LOOK: Cooking pinakbet under sizzling inflation

Ralf Rivas

This is AI generated summarization, which may have errors. For context, always refer to the full article.

LOOK: Cooking pinakbet under sizzling inflation
Love vegetable dishes like pinakbet? Rappler breaks down how much you need to buy the ingredients amid high inflation.

DELICIOUS. Pinakbet is a popular dish among Filipinos. Shutterstock photo

MANILA, Philippines – “Kung gusto mo magtipid, kumain ka ng gulay.”

(If you want to be frugal, eat vegetables.)

Vegetable dishes like pinakbet are the go-to dish for people who want to save up some cash in times when prices of goods are high, but still want to eat good food. It’s also hitting two birds with one stone – it’s nutritious and economical.

However, that may no longer be the case, as prices of vegetables have also zoomed sky-high. (IN CHARTS: This is how bad August 2018 inflation looks like in regions)

Prices of vegetables have soared as high as 35.6% year-on-year in the Cagayan Valley, while it jumped to over 25% in Bicol, National Capital Region (NCR), and Mimaropa.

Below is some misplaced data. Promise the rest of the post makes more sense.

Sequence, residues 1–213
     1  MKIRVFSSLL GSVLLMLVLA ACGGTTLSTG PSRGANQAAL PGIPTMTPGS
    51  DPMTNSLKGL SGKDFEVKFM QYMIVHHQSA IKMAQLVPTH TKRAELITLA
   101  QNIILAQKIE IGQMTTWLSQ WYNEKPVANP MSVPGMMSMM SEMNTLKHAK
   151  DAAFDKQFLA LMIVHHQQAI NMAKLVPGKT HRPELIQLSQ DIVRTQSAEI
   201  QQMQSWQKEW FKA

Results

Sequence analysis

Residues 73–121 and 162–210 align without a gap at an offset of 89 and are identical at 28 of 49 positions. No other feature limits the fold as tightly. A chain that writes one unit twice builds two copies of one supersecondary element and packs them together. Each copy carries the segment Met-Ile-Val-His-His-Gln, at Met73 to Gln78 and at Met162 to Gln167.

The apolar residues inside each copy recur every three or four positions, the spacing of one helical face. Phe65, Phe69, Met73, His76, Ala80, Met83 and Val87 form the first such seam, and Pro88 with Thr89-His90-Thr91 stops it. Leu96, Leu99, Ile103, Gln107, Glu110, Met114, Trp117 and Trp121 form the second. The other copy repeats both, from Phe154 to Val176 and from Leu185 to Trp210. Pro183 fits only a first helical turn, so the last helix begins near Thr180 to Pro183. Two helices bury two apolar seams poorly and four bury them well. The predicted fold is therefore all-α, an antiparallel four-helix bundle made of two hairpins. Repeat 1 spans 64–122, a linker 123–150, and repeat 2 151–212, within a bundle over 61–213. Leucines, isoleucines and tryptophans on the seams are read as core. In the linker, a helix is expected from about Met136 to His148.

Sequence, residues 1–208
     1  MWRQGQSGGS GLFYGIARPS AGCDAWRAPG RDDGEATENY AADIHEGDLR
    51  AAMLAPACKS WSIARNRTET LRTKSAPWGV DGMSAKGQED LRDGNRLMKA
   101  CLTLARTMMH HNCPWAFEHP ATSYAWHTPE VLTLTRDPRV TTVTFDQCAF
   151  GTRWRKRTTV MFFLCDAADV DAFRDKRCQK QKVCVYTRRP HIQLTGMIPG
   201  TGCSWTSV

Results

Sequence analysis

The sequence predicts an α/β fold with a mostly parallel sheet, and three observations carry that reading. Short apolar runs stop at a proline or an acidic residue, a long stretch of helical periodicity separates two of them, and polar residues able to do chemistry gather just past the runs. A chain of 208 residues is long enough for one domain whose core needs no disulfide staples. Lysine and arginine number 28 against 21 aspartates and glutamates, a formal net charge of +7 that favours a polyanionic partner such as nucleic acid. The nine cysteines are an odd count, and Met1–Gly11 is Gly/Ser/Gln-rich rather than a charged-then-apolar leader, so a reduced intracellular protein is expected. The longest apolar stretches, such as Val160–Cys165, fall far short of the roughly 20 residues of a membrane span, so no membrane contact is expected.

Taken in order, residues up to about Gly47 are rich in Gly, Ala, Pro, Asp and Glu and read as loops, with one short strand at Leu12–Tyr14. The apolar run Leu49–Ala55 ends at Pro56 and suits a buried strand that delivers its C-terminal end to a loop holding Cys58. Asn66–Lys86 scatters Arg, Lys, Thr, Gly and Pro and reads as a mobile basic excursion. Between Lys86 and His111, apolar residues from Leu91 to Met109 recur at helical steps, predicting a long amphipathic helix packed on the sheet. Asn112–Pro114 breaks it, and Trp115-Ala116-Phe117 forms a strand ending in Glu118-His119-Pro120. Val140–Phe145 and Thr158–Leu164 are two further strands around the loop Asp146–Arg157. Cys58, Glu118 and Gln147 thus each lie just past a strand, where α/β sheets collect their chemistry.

Rappler went to some groceries and wet markets in Metro Manila to inspect the prices of the ingredients of pinakbet and assess their affordability.

Some of attendants of SM Cubao said that prices have indeed jumped, but cannot say by how much.

Here are more prices of other vegetables sold in groceries:

Price difference

One would assume that prices are cheaper in wet markets than supermarkets. However, Rappler noticed that some of the vegetables are even more expensive in Nepa Q Mart than in SM. 

Delia Cruz, a vegetable seller in Nepa Q Mart said that prices have gone up due to weather disturbances in Baguio City and Pangasinan, where the vegetables come from.

“Nagmahal talaga ngayon, kaya ang ibang suki nagtitipid talaga,” Cruz said.

(Prices have gone up, some of the usual customers are tightening their belts.) 


Fish and meat

The Philippine Statistics Authority (PSA) released the average prices in retail and supermarkets as of September 5.

In grocery stores, bangus (milkfish) was sold between P200 to P220 per kilo, while galunggong (round scad) was at P205 to P280 per kilo. Tilapia prices hover at around P125 per kilo.

As for chicken, prices were between P155 to P164 per kilo. Pork belly was selling between P240 to P310 per kilo.



Add a comment

Sort by

There are no comments yet. Add your comment to start the conversation.

Summarize this article with AI

How does this make you feel?

Download the Rappler App!
Tie, Accessories, Accessory


Ralf Rivas

A sociologist by heart, a journalist by profession. Ralf is Rappler's business reporter, covering macroeconomy, government finance, companies, and agriculture.